"Lenn E. Goodman is one of those rare philosophers who is also a learned Jewish thinker, and one of these rare Jewish thinkers who is an accomplished philosopher. Once again in Love Thy Neighbor as Thyself, which were his Gifford Lectures in 2005, he brilliantly shows the influence this most important ethical commandment of the Bible has had on Jewish thought throughout history, and the philosophical significance of this biblical commandment for all those seeking a rational morality to both know and live." --David Novak, J. Richard and Dorothy Shiff Professor of Jewish Studies, University of Toronto

"A tour de force of dialectical philosophical ethics. With brilliant erudition and copious common sense, Goodman weaves together resources from the entire span of Jewish thinking, with careful consideration of Muslim and Christian theology, to address some of the most serious philosophical issues of our day, such as "why be moral?" I recommend this volume as one of the best Giffords in years." --Robert Cummings Neville, author of Religion in Late Modernity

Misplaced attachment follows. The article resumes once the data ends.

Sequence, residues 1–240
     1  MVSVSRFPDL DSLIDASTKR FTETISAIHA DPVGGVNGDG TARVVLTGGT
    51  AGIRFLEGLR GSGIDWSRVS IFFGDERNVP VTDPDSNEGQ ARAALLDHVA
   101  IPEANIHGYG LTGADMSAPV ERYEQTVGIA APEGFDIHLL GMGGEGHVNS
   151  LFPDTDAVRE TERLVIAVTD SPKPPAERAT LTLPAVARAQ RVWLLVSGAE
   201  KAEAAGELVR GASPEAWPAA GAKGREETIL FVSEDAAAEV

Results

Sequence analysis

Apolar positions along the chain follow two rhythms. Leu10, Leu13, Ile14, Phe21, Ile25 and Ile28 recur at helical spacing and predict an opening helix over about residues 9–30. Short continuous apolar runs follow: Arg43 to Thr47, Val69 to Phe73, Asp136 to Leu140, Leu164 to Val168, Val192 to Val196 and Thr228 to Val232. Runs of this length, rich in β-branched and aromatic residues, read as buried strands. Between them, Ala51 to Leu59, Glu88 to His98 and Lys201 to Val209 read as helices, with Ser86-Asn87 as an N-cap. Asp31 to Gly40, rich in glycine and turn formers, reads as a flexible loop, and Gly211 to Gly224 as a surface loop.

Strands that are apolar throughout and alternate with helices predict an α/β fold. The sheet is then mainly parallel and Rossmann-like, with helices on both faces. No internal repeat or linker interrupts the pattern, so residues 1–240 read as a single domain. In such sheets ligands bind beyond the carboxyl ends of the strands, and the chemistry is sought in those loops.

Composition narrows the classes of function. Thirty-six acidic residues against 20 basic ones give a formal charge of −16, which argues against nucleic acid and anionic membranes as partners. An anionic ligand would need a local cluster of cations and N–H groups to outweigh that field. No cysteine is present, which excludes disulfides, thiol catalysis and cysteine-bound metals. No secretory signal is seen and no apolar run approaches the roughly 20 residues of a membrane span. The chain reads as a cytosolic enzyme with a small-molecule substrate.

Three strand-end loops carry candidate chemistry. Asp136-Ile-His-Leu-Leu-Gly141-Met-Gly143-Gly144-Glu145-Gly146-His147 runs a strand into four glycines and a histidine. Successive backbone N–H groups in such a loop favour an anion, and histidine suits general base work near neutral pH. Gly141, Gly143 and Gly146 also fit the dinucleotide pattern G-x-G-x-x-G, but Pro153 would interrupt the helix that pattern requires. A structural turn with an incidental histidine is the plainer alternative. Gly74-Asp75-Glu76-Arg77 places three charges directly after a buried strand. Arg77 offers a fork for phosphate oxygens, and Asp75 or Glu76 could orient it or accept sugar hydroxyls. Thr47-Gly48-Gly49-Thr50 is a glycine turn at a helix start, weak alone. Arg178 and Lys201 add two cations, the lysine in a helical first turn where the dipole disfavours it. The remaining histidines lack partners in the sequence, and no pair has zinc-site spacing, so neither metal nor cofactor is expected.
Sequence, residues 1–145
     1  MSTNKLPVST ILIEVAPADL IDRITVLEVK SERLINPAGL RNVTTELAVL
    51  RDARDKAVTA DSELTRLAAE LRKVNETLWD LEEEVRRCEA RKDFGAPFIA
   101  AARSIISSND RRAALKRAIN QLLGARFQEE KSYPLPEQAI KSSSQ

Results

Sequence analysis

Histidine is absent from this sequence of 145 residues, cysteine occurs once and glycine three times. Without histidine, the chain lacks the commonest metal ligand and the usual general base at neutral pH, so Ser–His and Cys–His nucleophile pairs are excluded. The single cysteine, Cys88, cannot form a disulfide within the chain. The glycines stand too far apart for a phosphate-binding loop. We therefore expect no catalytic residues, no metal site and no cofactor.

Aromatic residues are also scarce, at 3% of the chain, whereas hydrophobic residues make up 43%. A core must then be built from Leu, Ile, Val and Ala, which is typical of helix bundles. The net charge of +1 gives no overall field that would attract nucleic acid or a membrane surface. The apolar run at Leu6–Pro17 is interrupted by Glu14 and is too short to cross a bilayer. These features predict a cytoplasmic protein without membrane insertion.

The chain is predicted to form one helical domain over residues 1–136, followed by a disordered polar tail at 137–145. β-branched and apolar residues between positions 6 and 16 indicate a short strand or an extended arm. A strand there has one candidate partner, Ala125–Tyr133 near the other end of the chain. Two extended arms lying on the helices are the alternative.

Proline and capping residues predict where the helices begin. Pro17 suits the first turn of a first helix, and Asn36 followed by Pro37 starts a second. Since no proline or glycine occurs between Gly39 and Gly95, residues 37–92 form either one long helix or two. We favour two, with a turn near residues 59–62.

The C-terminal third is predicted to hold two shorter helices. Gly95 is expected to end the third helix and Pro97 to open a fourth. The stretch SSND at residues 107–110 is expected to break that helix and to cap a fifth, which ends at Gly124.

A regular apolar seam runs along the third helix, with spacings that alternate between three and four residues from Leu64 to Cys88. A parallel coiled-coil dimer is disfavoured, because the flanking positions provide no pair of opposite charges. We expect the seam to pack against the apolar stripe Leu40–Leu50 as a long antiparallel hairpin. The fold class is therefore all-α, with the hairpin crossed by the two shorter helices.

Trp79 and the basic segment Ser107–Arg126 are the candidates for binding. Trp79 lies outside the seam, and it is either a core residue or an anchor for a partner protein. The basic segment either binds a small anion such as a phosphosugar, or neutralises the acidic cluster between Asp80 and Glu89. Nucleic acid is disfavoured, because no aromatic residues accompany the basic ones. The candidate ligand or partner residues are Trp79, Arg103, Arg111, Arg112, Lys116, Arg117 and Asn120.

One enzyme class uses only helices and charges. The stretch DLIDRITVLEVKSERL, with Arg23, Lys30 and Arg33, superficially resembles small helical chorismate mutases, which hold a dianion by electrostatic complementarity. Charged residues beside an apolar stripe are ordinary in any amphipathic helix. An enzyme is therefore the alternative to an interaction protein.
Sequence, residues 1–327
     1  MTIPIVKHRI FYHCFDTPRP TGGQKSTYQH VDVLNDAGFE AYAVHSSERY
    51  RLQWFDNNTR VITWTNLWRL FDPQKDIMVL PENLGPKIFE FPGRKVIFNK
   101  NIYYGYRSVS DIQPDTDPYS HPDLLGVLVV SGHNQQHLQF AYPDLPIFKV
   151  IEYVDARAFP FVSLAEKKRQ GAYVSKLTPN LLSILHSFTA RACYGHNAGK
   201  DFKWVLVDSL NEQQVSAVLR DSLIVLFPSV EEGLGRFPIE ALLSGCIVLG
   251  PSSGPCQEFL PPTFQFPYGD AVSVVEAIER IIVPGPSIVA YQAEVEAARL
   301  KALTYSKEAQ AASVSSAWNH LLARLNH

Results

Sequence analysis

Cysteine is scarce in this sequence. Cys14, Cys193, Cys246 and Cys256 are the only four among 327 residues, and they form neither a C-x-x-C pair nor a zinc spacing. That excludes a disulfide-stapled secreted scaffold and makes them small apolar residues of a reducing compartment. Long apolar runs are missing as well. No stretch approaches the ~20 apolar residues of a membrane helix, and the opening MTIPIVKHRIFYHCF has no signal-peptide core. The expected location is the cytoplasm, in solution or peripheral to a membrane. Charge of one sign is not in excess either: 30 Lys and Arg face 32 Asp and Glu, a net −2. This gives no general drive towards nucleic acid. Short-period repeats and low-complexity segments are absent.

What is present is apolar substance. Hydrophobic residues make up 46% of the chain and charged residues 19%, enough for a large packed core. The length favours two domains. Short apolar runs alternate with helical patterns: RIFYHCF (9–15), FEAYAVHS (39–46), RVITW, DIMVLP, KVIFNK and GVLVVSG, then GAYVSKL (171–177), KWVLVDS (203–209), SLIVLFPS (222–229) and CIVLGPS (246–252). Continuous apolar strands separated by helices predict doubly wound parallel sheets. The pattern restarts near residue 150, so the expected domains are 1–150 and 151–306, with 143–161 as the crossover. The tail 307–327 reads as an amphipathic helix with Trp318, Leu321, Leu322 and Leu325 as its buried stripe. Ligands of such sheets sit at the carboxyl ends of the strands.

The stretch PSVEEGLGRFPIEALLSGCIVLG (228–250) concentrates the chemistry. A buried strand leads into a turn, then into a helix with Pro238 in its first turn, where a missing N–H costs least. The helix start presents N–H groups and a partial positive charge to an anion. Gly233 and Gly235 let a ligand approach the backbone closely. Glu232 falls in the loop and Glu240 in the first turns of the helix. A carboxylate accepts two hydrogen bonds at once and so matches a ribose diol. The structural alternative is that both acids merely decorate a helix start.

"Rich in philosophical and rabbinical wisdom." --First Things

"Goodman's synthesis of Jewish values is formidable. His erudition, lucid prose, and courageous insistence on the ultimacy of human choice embarrass ignorance and undermine dogmatism of any stripe. And were not this sufficient, Love Thy Neighbor as Thyself also indicates that although the encounter of traditional religion with natural science generates more headlines and dazzling fireworks, that encounter pales in comparison to the urgent problem of reconciling confessional religious loyalty with the democratic principle of religious pluralism. In these desperate times of growing xenophobia and totalitarianism, both secular and religious, Goodman's humanistic plea for love and open-minded contemplation "on the things of others" is more necessary and welcome than ever." --Kalman P. Bland, author of The Artless Jew: Medeival and Modern Affirmations and Denials of the Visual